Sharon “Shari” Sheeley, who in her teens wrote the 1950s hit “Poor Little Fool” and was with boyfriend-rock icon Eddie Cochran when he was fatally injured in a taxi crash in England, died May 17 at Sherman Oaks Hospital Medical Center of complications from a cerebral hemorrhage. She was 62
She was still in high school in Newport Beach when she wrote the song that became a million-seller for Ricky Nelson in 1958. She also wrote “Hurry Up” for Ritchie Valens (which he demo’d) and hung out with Elvis Presley. Living in England for several years, she remained in the limelight and had an influence on musicians including members of the Beatles, Rolling Stones and the Who.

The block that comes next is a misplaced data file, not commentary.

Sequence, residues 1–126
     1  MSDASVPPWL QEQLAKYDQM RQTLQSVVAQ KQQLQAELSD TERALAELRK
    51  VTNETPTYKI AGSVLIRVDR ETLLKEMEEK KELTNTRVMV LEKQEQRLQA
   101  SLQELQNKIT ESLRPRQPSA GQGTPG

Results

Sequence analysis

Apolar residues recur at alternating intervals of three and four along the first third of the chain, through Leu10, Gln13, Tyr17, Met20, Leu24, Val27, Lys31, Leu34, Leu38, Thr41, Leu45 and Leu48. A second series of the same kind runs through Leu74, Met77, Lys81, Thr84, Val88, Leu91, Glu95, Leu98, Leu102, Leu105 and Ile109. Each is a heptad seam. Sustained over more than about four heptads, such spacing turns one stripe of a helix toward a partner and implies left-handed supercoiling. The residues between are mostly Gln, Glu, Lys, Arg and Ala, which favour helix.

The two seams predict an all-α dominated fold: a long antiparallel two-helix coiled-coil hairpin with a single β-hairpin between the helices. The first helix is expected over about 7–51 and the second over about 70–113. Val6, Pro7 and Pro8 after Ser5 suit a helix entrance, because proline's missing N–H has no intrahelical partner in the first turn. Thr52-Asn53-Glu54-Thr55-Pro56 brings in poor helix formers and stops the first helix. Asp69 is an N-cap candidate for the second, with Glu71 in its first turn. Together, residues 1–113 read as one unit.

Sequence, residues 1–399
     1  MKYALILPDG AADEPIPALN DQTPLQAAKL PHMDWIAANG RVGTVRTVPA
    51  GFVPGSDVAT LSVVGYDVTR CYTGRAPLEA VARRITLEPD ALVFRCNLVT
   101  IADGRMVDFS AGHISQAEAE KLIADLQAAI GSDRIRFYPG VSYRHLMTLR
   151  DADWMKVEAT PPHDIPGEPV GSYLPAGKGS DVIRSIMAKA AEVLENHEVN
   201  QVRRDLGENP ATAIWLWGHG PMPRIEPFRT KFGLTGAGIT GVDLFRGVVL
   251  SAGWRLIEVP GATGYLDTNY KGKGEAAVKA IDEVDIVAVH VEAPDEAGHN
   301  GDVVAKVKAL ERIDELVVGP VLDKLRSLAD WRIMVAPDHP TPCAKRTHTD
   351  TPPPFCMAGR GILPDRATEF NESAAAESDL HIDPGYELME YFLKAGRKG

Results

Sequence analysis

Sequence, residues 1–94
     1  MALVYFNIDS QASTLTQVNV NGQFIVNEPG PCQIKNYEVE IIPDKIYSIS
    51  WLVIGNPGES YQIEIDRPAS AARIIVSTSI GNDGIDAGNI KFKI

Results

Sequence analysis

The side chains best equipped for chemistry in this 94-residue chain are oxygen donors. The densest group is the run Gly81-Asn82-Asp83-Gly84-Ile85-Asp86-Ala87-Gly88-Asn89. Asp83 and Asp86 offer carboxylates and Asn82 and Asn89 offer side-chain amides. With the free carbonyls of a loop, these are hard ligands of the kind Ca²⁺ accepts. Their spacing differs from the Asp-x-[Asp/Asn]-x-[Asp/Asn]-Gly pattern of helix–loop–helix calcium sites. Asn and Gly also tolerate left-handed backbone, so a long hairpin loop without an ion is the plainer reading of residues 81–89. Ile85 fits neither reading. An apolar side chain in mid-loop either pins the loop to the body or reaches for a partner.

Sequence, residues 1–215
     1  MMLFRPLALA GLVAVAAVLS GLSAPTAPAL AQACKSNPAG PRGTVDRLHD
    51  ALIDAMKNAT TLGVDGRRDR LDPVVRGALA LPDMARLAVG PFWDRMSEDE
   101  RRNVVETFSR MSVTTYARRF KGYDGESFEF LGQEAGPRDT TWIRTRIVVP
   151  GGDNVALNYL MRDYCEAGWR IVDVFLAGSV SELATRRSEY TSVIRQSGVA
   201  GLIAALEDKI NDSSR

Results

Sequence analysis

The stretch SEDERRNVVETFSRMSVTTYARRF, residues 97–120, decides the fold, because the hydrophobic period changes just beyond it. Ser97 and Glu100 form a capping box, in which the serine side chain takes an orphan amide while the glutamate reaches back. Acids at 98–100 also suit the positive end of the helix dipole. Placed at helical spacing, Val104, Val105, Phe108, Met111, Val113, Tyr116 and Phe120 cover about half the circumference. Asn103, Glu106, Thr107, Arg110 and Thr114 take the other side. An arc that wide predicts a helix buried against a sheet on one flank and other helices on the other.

She was introduced to guitarist Cochran (who wrote “Summertime Blues” and with whom she wrote “Somethin’ Else”) by ex-boyfriend Don Everly (of the Everly Brothers). She accompanied Cochran on a successful tour of England and was with him when the taxi they were in crashed near Bath, England, in 1960. He was killed at age 21; she incurred a fractured pelvis.
Returning to the U.S., she partnered with songwriter Jackie DeShannon, collaborating on the Brenda Lee hits “Dum Dum” and “Heart in Hand.” Other songs they collaborated on included “Breakaway” for Irma Thomas, “(He’s) The Great Impostor” for the Fleetwoods, “Trouble” for the Kalin Twins and several for a demo for a studio group that included then-unknown guitarist Glen Campbell.
Later she married Jimmy O’Neill and helped him start the ABC-TV rock ‘n’ roll series “Shindig!,” which he emceed.